Every business that craves conspicuous success must try to set itself apart from the competition. Similarly, anyone determined to ascend the career ladder should always give thought to the accumulation of a few USPs. I’m regularly asked does an MBA aid the latter cause. And it’s not only students who wonder whether this is so. Many people already making their way in the “real world” want to better understand what an MBA involves and whether it might prove worth their while.
My own opinion is that an MBA can make a massive difference. It can serve as a stepping-stone for progressing in your chosen sector or for branching out into another. It can offer multiple opportunities and provide an outstanding grounding in many areas of business.
But whether it achieves any of these things is very much down to the individual. An MBA will prove genuinely useful only if you have the correct mindset and a sense of purpose before you even commence the journey.
Establish what you actually want
Let’s assume that you expect an MBA to have a positive influence on your career trajectory. This inevitably gives rise to a crucial question: exactly how would you like your career trajectory to develop?
It’s not enough simply to say: “I want my career trajectory to go up.” You need some idea of your objectives. A roadmap for where you might like to be in a few years’ time and how you might get there.
This doesn’t mean plotting everything in painstaking detail. Life is full of unforeseen twists and turns, as we’ve all seen of late. You don’t have to be religious to recognise the truth in the aphorism “Man plans, God laughs”.
What it does mean, though, is that you can’t rely on an MBA to miraculously propel you towards a glorious triumph that you haven’t even started to consider in earnest. If you want an MBA to serve as a springboard for your goals then you should at least have a realistic and fundamental notion of what those goals are.
Make the most of diversity
Another reason why this kind of framing is vital is that an MBA programme offers a potentially daunting array of modules. The overwhelming likelihood is that you won’t know which way to turn if you treat the exercise as a blank canvas.
Diversity also abounds in the student body. MBA programmes usually attract extremely talented people from around the world. You’ll encounter a remarkable miscellany of backgrounds, perspectives and aspirations.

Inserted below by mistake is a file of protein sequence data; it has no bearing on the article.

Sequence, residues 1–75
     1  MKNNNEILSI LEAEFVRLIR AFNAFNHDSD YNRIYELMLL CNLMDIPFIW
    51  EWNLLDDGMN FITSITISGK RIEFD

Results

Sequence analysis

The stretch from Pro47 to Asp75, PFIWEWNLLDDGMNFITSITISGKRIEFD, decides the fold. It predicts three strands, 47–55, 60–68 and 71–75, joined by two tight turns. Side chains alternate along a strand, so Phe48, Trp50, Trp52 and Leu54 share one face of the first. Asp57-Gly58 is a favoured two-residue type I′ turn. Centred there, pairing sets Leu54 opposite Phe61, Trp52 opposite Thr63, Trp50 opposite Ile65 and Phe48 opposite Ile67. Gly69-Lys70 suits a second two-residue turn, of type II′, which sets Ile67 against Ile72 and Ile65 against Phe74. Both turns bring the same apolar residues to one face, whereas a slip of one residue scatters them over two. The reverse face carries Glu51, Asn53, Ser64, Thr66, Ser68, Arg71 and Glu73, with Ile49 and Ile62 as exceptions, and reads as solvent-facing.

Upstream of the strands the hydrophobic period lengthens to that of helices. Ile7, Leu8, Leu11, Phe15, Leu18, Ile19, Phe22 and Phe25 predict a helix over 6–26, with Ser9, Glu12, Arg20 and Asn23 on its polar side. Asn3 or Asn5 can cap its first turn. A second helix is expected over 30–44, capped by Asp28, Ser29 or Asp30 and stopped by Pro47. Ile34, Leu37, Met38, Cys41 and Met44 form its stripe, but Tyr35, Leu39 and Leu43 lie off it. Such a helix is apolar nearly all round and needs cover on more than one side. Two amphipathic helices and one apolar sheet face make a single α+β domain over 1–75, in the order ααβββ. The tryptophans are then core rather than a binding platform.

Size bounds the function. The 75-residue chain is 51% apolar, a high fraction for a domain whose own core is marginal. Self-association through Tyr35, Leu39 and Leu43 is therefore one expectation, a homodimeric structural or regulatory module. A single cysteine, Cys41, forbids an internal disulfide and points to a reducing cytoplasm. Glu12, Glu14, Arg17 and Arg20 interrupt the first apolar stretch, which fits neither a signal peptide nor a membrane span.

This, too, requires a form of discipline, because it can be all too easy to regard your surroundings as a networking paradise. Resist the temptation. What’s far more important is to appreciate how all these people can enrich your learning experience.
Why? Because they encourage diversity of thought. Business schools are routinely described as melting pots, but they’re really mosaics: rather than seeking homogeneity, they take disparate elements and create a beautifully challenging whole.
Choose well and prepare for change
Different business schools have different teaching styles and cultures. Smaller schools can be inclusive, cohesive, close-knit communities and might also offer unique specialisations. Larger schools are likely to provide more electives, more customisation and more intellectual demands.
This means that different schools produce different sorts of managers and entrepreneurs. Remember that how you fit into a specific programme or environment is likely to have an enormous impact on the outcome of your MBA.
So, too, is your choice as to which type of MBA – part-time, full-time or executive – is best for you. It’s only when you begin analysing the respective pros and cons that you realise that huge commitment is obligatory and that an MBA isn’t merely a career-changer: it’s a life-changer.
Always bear that last thought in mind, because embarking on an MBA programme will almost certainly be one of the most significant decisions you’ll ever make. Moreover, if you treat the task with the care and respect that it merits, it should also turn out to be one of the most beneficial.
David Falzani MBE is an Honorary Professor at Nottingham University Business School’s Haydn Green Institute for Innovation and Entrepreneurship and president of the Sainsbury Management Fellowship.